Shop the collection here


Dream On 

Slogan tees, from £24, Dream On


We’re huge fans of Dream On, which combines fashion and activism in a way that genuinely prompts conversation around the dinner table. Created by mums Katie Connelly and Emi Ozmen-Prendergast, the tongue-in-cheek range of wares features smile-inducing slogans such as ‘Tuck Frump’ and ‘Bored of Borders’, with proceeds from the sale of each item going to charities specific to their message – the former funds anti-bullying organisations, the latter charities helping displaced people.


For Christmas, the zero-waste brand is bringing back all of its time-limited slogans, printed to order onto sustainable cotton tees, babygros, sweatshirts and hoodies. Available in both adult and kids’ sizes, we’ve found them a great way to make politics and political discussion accessible to little minds…


Shop the collection here


Thea Chops Books

How Frank Helped Hank book, £7.99, Thea Chops Books


When author Suzanne Hemming became a mum, she was dismayed to find that children’s books hadn’t moved on with modern attitudes. Bored of tales of weak (white) pretty princesses and strong (white) knights who save the day, she set up Thea Chops Books to spread a new, more diverse message in kids literature.


Since then, she’s written three books, each with equality and diversity at their heart – She’s Not Good for a Girl, She’s Just Good, The Queen Engineer and How Frank Helped Hank. Beautifully illustrated by Jacquie Hughes, the tales deal with everything from female ambition to toxic masculinity, in rhyming language that’ll appeal to pre-schoolers and early readers alike.


Shop the collection here


Owa Yurika

‘Mio’ dress, £110, and ‘Shion’ dress, £110, both Owa Yurika


Founded by Japanese mother-daughter duo Yuki and Yuriko Oshima, and run from both Japan and London, Owa Yurika seeks to dress children as little individuals in their own right. With a focus on enjoyment and exploration, the brand creates sustainable and ethical, non-gendered playwear, as well as beautiful dresses and coats featuring details inspired by Japanese heritage.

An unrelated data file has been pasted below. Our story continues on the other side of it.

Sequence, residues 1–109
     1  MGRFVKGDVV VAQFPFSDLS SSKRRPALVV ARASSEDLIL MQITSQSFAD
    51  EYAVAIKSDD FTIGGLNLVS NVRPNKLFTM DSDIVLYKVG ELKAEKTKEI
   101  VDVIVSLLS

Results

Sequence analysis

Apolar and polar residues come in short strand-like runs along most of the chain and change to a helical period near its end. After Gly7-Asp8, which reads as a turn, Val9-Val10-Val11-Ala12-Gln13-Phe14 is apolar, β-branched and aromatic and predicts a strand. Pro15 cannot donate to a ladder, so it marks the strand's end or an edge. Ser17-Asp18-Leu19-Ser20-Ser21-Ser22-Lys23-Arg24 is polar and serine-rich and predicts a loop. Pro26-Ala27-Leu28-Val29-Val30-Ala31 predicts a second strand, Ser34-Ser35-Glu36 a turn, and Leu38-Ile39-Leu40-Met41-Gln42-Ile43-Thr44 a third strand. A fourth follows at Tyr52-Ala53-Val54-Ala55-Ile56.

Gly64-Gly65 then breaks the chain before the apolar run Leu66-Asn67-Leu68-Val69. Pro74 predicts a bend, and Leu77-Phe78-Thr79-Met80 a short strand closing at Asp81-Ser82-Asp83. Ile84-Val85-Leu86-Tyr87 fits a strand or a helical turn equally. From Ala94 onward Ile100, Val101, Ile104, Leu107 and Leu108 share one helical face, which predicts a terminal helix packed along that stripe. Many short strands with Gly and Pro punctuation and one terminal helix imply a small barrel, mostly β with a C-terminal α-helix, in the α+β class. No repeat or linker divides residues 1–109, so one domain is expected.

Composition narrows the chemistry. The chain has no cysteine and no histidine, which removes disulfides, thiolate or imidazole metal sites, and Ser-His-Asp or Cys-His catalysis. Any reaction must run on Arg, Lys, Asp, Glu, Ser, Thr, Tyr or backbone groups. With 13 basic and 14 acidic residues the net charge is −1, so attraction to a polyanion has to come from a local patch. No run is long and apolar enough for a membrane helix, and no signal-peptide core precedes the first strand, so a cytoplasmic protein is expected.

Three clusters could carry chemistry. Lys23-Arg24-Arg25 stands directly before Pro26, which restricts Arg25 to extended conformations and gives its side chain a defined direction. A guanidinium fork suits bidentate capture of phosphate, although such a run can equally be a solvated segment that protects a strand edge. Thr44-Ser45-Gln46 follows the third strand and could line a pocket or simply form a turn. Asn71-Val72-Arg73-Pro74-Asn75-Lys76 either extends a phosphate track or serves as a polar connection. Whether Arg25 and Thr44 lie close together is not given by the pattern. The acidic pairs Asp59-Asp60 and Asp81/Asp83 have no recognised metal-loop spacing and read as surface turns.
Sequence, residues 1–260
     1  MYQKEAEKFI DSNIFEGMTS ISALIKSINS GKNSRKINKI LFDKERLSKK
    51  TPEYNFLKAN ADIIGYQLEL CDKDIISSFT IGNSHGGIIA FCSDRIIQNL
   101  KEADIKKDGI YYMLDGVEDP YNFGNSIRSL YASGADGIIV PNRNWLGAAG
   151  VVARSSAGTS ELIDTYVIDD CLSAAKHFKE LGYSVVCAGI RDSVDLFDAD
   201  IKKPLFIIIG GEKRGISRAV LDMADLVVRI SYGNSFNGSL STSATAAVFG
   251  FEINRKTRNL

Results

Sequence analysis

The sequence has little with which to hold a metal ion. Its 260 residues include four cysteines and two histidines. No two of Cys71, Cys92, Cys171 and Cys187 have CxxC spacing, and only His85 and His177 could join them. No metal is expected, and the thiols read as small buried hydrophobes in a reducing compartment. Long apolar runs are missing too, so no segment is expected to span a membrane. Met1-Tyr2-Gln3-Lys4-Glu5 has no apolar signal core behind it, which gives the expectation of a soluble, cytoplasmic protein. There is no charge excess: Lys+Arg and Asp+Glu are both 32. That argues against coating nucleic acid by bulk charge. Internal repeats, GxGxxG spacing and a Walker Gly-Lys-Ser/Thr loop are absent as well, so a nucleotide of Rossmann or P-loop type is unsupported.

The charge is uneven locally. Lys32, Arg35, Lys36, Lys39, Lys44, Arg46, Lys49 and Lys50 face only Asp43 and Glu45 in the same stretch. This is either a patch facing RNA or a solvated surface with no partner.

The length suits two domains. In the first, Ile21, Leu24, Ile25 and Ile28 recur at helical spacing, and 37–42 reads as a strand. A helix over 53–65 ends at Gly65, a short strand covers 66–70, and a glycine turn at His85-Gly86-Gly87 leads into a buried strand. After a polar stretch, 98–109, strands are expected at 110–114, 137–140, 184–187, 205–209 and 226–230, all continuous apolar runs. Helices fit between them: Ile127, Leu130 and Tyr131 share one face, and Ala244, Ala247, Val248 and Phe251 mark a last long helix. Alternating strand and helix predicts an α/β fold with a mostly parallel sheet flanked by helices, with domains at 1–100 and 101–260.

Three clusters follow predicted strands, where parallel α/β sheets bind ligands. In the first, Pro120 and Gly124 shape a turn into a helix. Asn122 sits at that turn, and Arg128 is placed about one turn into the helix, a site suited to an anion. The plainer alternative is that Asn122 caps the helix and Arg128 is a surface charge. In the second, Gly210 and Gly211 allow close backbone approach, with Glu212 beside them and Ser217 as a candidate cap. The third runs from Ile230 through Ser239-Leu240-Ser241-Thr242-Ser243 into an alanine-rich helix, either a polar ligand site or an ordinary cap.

Using natural and sustainable fabrics, and manufactured in responsible, family-run ateliers in Japan and China, these are clothes built to be handed down from generation to generation. Owa Yurika even offers a repair service to increase longevity.


There’s also a strong focus on traditional, non-digital play, and the brand has a dedicated section on its website to help encourage children to try everything from origami to foraging.


Shop the collection here


Pop My Way

White, long-sleeved bodysuit, £22, sky cardigan, £26 and sky bow tie collar, £12,
all Pop My Way


Pop My Way takes sustainability very seriously indeed. The babywear brand’s entire supply chain is GOTS certified, meaning everything from its water, energy, chemical and dye use to the wages it pays its manufacturers is closely monitored and audited. Every item in the range is made in Peru, using local organic pima cotton – a fabric which doesn’t just tick ethical boxes, but practical ones too.


Designed for babies from birth to 18 months, the soft, non-pilling and versatile range centres around basics, such as bodysuits, sleepsuits, trousers and cardigans, featuring poppers for a whole host of add-ons. From Peter Pan collars to dummy straps and bibs, accessories can be added and removed within seconds. Even lost socks are relegated to the past, thanks to clever ankle poppers, making packing a nappy bag each day a lot less laborious.


Shop the collection here


For everyone you know…


Tiger & Co rose gold soy candle, £16, Wearth


We struggled to know where to include Wearth given, in reality, it’s something of a one-stop sustainable shop for everyone on your gift list – think Amazon with ethics. As such, we’d recommend setting aside some time to really delve into the range on offer here.


Effectively, founders Edward Davies & Imogen Minoli have done the hard-graft for you, curating a lust-worthy range of fashion, beauty, jewellery, homewares and gift sets that all meet the highest ethical and sustainability standards around and encourage recipients towards living a zero-waste life.


The site puts ethos at its forefront, enabling shoppers to filter within categories including vegan friendly, handmade, made in the UK and plastic free, but it prizes aesthetics as keenly as ethics – basically, everything is beautiful. The result is a range of stunning sustainable gifts, cards and wrapping that ticks every box, and we couldn’t be more pleased to have found it.


Shop the collection here


Full disclosure


Every brand contained within this guide has been selected by The Flock and invited to feature on account of their sustainable, ethical and/or charitable credentials. The for-profit brands included have each made a small payment to help fund the cost of researching and producing the guide. No affiliate links have been used, and The Flock will receive no income for any sales made as a result of inclusion within this guide.